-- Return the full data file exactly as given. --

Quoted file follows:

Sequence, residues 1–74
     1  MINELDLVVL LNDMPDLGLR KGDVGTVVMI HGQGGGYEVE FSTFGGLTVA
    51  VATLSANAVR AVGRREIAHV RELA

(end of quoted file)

Sequence, residues 1–74
     1  MINELDLVVL LNDMPDLGLR KGDVGTVVMI HGQGGGYEVE FSTFGGLTVA
    51  VATLSANAVR AVGRREIAHV RELA